|Seven Pillars of Wisdom rock formation in Wadi Rum, Jordan
by Tomobe03 [CC BY-SA 3.0 or GFDL], via Wikimedia Commons
Some books, when you come to the end of them, leave you gaping inwardly. Dejected and confused, you feel like you missed something critical, after “getting” everything that came before. Seven Pillars of Wisdom ends just like Lawrence of Arabia, so I should have seen it coming. But after some whirlwind chapters, the ending came suddenly, doubly sobering as a first-person narrative. Like so many real-life struggles, it hangs loosely together instead of being tied up neatly; you look for closure and find questions instead.
Men prayed me that I set our work, the inviolate house,as a memory of you.But for fit monument I shattered it, unfinished: and nowThe little things creep out to patch themselves hovelsin the marred shadowOf your gift.
9 & 10 – Balancing for a Last Effort; The House is Perfected
|Lt. Col. T.E. Lawrence and Emir Faisal during World War I; Damascus.|
Exasperated one night at G.H.Q., I had blurted out that to me 1918 seemed the last chance, and we could take Damascus, anyhow, whatever happened at Deraa or Ramleh; since it was better to have taken it and lost it, than never to have taken it at all.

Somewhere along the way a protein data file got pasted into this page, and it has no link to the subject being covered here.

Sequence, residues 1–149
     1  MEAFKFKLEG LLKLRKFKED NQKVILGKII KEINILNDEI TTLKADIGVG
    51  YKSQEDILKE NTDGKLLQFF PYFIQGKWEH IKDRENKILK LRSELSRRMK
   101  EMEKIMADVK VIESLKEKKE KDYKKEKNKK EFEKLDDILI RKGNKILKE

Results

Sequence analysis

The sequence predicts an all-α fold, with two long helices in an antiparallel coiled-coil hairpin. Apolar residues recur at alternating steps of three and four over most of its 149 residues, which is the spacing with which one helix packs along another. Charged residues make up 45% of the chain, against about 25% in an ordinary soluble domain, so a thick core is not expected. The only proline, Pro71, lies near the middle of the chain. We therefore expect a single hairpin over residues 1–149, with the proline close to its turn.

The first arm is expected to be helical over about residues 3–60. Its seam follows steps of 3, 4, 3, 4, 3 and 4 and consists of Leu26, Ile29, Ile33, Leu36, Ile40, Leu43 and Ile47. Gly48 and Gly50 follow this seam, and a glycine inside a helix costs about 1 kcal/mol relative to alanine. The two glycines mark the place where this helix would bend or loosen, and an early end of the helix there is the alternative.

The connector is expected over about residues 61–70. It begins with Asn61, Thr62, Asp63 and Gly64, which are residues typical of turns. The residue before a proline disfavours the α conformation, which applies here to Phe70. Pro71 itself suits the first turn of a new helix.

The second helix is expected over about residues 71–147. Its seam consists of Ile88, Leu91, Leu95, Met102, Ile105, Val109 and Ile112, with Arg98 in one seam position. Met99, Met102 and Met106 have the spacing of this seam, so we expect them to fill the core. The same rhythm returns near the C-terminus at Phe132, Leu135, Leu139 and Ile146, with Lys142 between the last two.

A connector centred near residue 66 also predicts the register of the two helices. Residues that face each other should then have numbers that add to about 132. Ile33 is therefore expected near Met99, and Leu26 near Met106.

Feisal…replied that he would try this autumn for Damascus though the heavens fell, and, if the British were not able to carry their share of the attack, he would save his own people by making separate peace with Turkey. (p. 571)
I begged him [Feisal] to trust not in our promises, like his father, but in his own strong performance. (p. 572)
It became a legitimate cause for care that the Arab Revolt continue to collaborate with Britain even till the last minute. Lawrence sensed that they would fare badly – perhaps fatally – if they made motions counter to the Sykes-Picot agreement, which would split Ottoman Turkey between the European powers of England, France, and Russia. He warned Feisal in advance of this treaty, and Feisal, hardly blind to the political deception of his “allies,” listened to Lawrence’s advice and went along with the British plan, which as the lesser of two evils would at least prevent his displacement altogether. But, knowing as he did that his possession of the conquered territories was up in the air, Feisal listened to their promises with more than a grain of salt.
|On the Aerodrome at Amman:
T.E. Lawrence (1888-1935),
Sir Herbert Samuel (1870-1963),
and Emir Abdullah (Abdullah I of Jordan,
I think it is tempting, especially in the film, to view Feisal as the “king” of the Arab people, a monarch on the scale of George V or Nicholas II. However, though he and his family were the symbolic power figures of the Revolt, it’s worth remembering that throughout the effort, there was plenty of conflict between the different tribes that he and Lawrence attempted to unite, and unity in war may not have been unity in peace. It goes back to that telling quote – “fighting to get rid of Empire, not to win it” (p. 100) Perhaps his flexibility was a kind of realism, and he may have made certain choices based on survival, rather than ideals.